The small flags carry a moving message.
The PA Family Support Alliance planted 4,865 blue ribbon flags to indicate the number of legitimate child abuse and neglect reported to Pennsylvania authorities in 2019.
Members of the alliance, an advocacy group for children, also set 51 black flags in memory of the children who died in 2019 as a result of abuse and neglect. The government figures for 2020 are still being finalized.
Doctors and lawyers for children have said they are concerned about the impact of the COVID-19 pandemic on vulnerable children.
Proponents and experts say reports of child abuse and neglect have decreased over the past year because many children were absent from school as districts switched to distance learning. Because many sports and extracurricular activities are also scrapped, many children are more isolated and not seen by people who would discover abuse.
According to early data from the Pennsylvania Human Services Department, the state saw a 16% decrease in reports of abuse and neglect in 2020 year over year. More serious reports that fit the definition of abuse were down 22% year over year.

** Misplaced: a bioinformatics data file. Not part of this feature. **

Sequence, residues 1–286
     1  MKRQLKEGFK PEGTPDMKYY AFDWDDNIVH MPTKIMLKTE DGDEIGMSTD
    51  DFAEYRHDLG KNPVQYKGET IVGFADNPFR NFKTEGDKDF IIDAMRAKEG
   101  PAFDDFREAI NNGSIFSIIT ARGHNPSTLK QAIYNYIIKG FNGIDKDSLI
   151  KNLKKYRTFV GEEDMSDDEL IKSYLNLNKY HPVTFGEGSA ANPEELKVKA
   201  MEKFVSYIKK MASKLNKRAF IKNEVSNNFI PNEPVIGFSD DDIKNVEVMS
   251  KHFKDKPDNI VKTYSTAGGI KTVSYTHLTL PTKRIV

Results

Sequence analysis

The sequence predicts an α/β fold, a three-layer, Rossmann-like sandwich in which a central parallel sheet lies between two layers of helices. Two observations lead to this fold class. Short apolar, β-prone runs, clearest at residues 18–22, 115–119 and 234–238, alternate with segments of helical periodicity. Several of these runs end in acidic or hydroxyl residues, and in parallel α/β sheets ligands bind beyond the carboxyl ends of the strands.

- Child abuse reports have decreased sharply in Pennsylvania, and experts are concerned
Many children are not viewed as regular by hired reporters who are legally required to report suspected abuse, said Angela Liddle, president and CEO of the PA Family Support Alliance.
“The best way to prevent child abuse is with good, strong positive parenting,” Liddle said. “For the children who don’t have that, it’s the assigned reporters. They hope they have a chance to spot signs of abuse. “
Doctors told PennLive that children who come to emergency rooms are more likely to suffer more serious injuries and are more likely to be hospitalized.
Experts have said a number of factors make children more vulnerable. Some have lost jobs as a result of the pandemic and are under financial pressure. And with daycare closed, some parents who are not usually the primary caregiver are spending more time with children and the pressures are easing, which often has tragic consequences, doctors and lawyers said.
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